Introducing: Mia Loucks – Sisko Sisko Demos + 3 Qs

I received the opening track of this album with the following message:

“Hi 🙂 This is the first single off my upcoming LP, the Sisko Sisko Demos, which I recorded and mixed on an iPhone 4. Thank you for considering the track!”

As soon as I stumbled upon this piece of music, I was immediately hooked. Being a passionate fan of DIY projects, the raw and unpolished feel of demos and home recordings has always appealed to me. This particular album, featuring gentle acoustic folk-pop tunes, struck a chord in my heart. With nothing but a guitar, a voice, and a few subtle touches, the songs were stripped down to their bare emotions, allowing me to easily connect with them on a personal level.

One thing that stood out to me was the warm, lo-fi atmosphere that permeated each song. It was like a cozy blanket that enveloped me, shutting out the outside world. I found myself closing my eyes and getting lost in the melodies, letting my soul be filled with the beauty and honesty of each track.

It’s safe to say that I am smitten with this album. It feels like it was tailor-made just for me, and I can’t resist listening to it over and over again. Despite being nothing more than demos, each track is a masterpiece in its own right, brimming with authenticity and raw talent.

I went ahead and reached out to Mia to ask our 3 Qs:

What inspired you to start making music and what keeps you making music?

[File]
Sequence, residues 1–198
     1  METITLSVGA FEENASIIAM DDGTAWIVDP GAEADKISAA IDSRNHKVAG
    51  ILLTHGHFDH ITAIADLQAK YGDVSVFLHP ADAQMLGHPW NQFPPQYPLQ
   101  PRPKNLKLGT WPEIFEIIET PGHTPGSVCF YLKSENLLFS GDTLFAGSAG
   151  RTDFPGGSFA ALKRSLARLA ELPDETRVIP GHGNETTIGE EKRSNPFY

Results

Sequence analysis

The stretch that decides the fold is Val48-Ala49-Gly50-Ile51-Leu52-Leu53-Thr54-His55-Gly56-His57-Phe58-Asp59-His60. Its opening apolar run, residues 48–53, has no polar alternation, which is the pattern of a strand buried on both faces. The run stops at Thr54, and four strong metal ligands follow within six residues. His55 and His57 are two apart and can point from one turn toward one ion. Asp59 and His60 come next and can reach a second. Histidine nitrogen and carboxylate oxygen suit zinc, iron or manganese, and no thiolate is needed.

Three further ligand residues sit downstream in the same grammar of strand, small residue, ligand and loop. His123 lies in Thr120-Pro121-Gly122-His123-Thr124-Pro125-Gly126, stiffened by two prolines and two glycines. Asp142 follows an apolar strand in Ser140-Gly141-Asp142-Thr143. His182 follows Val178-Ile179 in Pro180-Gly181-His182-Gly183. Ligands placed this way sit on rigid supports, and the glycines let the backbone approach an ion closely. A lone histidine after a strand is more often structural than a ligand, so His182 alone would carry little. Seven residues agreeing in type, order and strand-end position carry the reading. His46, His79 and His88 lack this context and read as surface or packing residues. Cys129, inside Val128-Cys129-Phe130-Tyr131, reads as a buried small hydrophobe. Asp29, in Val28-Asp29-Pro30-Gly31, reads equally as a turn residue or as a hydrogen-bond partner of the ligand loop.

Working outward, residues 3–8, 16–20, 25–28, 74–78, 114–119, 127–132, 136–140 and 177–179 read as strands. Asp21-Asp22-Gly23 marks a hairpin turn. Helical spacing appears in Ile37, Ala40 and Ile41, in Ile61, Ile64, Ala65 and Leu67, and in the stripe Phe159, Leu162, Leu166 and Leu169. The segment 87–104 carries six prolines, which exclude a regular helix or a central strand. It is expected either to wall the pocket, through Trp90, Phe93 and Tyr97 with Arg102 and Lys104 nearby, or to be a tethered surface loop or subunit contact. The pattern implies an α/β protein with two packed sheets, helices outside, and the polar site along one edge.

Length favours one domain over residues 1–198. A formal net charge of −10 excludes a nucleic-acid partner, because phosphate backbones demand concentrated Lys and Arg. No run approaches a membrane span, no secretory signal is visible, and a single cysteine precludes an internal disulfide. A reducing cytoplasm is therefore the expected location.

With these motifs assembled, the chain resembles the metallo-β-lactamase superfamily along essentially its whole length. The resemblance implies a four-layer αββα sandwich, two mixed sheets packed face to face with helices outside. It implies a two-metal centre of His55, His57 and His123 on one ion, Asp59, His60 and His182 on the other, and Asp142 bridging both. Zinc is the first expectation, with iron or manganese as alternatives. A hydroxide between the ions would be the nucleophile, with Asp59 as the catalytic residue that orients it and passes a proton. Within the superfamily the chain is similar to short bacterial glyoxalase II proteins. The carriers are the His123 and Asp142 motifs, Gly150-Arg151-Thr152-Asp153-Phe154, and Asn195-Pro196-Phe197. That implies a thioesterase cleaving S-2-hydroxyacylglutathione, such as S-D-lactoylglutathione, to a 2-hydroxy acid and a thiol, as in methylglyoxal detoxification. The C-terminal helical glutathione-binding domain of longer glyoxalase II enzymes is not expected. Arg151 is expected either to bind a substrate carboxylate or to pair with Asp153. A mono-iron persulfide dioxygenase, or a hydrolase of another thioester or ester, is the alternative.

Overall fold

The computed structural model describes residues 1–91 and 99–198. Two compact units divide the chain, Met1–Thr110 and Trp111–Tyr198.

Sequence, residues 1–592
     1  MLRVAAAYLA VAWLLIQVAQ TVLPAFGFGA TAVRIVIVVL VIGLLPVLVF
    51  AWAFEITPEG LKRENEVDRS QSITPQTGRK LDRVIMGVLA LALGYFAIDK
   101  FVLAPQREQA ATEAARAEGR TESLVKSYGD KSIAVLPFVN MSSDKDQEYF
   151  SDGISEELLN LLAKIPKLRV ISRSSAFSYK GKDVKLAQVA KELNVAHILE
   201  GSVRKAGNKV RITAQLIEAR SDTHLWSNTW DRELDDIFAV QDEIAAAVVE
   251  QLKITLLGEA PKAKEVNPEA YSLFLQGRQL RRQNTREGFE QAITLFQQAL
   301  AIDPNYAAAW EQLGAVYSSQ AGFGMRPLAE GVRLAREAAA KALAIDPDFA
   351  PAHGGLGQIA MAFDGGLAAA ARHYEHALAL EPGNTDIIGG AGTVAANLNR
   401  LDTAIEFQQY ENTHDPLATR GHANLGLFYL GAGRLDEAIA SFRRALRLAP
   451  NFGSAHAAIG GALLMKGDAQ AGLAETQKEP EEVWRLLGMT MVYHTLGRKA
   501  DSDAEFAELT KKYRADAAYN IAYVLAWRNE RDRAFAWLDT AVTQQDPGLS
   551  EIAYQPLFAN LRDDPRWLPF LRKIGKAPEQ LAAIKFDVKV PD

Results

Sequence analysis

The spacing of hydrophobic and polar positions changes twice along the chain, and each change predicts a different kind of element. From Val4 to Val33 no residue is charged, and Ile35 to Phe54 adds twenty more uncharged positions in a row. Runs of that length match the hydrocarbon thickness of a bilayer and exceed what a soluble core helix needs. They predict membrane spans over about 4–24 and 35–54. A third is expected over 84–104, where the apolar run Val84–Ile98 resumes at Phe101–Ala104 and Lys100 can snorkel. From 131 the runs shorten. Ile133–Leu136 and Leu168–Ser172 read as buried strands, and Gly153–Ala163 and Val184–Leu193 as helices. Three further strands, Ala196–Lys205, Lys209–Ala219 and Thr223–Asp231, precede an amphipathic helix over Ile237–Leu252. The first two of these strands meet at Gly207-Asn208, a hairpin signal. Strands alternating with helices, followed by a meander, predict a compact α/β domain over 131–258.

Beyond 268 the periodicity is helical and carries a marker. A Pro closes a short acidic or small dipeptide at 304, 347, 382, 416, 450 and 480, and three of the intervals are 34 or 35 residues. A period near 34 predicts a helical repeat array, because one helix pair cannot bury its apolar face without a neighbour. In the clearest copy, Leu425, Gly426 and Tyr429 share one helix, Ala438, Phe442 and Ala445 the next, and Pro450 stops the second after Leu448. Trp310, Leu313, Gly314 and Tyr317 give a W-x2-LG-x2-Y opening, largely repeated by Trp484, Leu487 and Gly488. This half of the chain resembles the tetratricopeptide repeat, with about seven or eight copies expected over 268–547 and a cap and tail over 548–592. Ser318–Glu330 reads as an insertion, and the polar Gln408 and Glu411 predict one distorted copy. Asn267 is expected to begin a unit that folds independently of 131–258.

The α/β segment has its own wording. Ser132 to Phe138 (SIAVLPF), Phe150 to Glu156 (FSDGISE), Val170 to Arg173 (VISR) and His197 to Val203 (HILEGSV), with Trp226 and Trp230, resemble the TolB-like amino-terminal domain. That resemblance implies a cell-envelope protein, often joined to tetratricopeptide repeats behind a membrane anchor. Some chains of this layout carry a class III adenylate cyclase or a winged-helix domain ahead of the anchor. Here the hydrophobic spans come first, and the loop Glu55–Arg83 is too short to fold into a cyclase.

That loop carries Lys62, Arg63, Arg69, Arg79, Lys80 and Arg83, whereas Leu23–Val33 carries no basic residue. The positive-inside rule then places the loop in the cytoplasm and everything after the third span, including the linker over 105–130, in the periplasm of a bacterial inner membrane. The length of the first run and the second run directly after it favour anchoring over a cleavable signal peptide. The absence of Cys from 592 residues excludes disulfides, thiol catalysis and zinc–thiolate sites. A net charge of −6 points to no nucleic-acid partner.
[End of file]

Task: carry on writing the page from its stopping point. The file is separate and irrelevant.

I grew up going to shows (my parents were and are avid music lovers). I think that exposure taught me a lot about music as an outlet and also made me look up to musicians a lot. I think I was around 10 when I wrote my first song on a bass guitar. I remember performing it for my mom—it was full of profanity and anger (the chorus started with the line—f*** these bi***** and all these h***). Haha! I obviously had a lot of anger about something and imagine writing that song helped me release some of it. That release is what keeps me making music—when I can articulate a feeling in a song in a way that feels authentic to me, I (almost immediately—magically) start to develop this acceptance and peace with that feeling that I didn’t have before.

What was the most challenging thing in your music (artistic) path?

I went through a period where I thought being a musician would be my career. It was after my first release, the Sister Honey Demos; I worked for a music producer and focused my energy on how I could make a living as a musician. Realizing the toll this took on the music I created, the joy of making music, and my mental health more generally has been the biggest challenge in my artistic path. In order for my music to be my career, I needed to commodify it, which meant I needed to appeal to an audience, which was never why I started making music in the first place. Suddenly, the writing process was no longer pleasant for me. I also had no self-esteem, I think because I knew I wasn’t being true to myself. I had to take a long break from music after that. When I found a job and path entirely outside the art world, the writing naturally came again. It was an amazing feeling that I still feel grateful for everyday.

What would you dream to do if anything was possible?

In terms of music or just in general? I’ll answer both. In general, I would distribute the wealth of the richest people to those in need. I don’t think anyone needs that much money, especially when many have nothing. In terms of music, I’ve never played a show where I felt my music sounded the way I wanted it to haha. I love choirs and strings and big performances like that. It would be cool to be able to orchestrate a show like this with my music.

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